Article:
The birth of a generation
The Maltese young adults of today were born around the eighties. Everything was state-controlled and those who dared stand-up to Dom Mintoff’s and later Karmenu Mifsud Bonnici’s socialist government were liable to abuse by fanatic thugs. Political turmoil led to violence in the streets some also paying with their lives for their beliefs.
Culture took the form of festivals like ‘Warda Kanta’ (lit. trans. Singing Rose) or ‘Gensna’ (Our Nation) where kitschy (even by 80s standards) ballads exulted the values of the hard-working Maltese and celebrated the achievements of this young nation’s great fathers whose courage, blood and perseverance ultimately paid off by Mintoff’s ‘expulsion’ of the British in 1979 and Malta became a republic.
University students participate in a dialogue with Prime Minister L. Gonzi
Change and development
The acute political tension between ‘Mintoffians’ (Labour supporters) and ‘Nazzjonalisti’ (Nationalists), the stringent economy, the teachers’ and doctors’ strikes and the violent rivalries between adherents of the two parties are somehow little talked about by Maltese youths. Could this be a sign of a collective amnesic apathy where the young cannot be bothered to look back and learn from their country’s past? Were these events wilfully forgotten by a generation that grew up in the general sense of optimism and subsequent comfort that prevailed in the 90s?
One way of understanding this is to accept that young adults today seem to have only few, faint memories of the hardships experienced a decade earlier because most of them were simply too young then to remember.
Today’s young people have shown less inclination towards political fanaticism and although the phenomenon still exists, it is far from the extreme levels prevailing in the late 70s and 80s.
Nonetheless, in the last general elections of 2008 the voter turnout was 93% - one of the highest in Europe but the lowest for the country since 1971.
In theory it is very healthy that the majority of the people are directly involved with the democratic process but the reality behind it is much more complex. A number of questions arise; How are people choosing their representatives? Who or what is influencing their choices in the polling booth? What do young people and first-time voters make out of the current political situation? What are the issues that they debate and make their choices on? How discerning are they?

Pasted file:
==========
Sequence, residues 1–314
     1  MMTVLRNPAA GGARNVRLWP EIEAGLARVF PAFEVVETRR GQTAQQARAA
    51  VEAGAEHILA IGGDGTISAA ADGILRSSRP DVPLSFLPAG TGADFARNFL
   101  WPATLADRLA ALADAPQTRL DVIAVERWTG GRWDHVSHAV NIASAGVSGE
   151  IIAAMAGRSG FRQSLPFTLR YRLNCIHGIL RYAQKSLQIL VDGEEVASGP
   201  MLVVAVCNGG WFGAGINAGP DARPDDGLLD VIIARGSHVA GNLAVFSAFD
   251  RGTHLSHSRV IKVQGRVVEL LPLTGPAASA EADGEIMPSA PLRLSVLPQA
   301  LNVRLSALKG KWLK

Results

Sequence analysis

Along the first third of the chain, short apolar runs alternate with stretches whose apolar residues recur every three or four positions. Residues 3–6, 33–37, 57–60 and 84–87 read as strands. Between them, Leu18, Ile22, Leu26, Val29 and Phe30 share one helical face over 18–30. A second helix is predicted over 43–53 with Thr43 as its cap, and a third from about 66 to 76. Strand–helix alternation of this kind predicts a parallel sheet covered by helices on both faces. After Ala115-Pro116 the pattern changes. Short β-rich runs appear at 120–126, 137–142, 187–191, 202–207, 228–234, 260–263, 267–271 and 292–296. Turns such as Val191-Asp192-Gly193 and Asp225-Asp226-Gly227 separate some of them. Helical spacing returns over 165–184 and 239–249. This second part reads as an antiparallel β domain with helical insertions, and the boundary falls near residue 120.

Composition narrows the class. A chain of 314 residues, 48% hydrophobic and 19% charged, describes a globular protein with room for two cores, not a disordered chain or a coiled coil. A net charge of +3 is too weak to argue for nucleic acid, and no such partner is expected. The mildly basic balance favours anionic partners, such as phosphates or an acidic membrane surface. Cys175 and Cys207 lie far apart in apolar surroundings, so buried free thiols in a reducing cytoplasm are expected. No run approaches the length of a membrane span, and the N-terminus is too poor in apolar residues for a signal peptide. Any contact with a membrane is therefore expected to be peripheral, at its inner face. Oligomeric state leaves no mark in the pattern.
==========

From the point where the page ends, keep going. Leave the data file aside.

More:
While it is true that young people today are more open to discussion and less susceptible to peer and family pressures than their parents were back in the 70s and 80s, their access to clear, politically unbiased information about current issues is still limited. A clear example of this is the way issues like the hotly debated EU ascension, the building of the new Mater Dei hospital or divorce were politicised and then presented in the local media.
A Nationalist Party (PN) supporter
The three main television stations in Malta are the state owned TVM (Television Malta), the PN’s (Partit Nazzjonalista / the Nationalist Party) Net television and One productions owned by the PL (Partit Laburista / the Malta Labour Party) and a very similar situation is found in the print media. Consequently the information which reaches the man on the street is rarely, if ever, unbiased by the interests of the opposing parties.
Independent newspapers like MaltaToday often challenge the two-party system by exposing cases of corruption and shady connections between party members, political appointees, politicians and key businessmen, denouncing nepotism, the lack of transparency in governance, the retrograde libel laws used to silence critics and the disregard for meritocracy in filling key official posts. They also champion the cause of the green lobbyists and act as a much needed platform for other minorities and independent voices.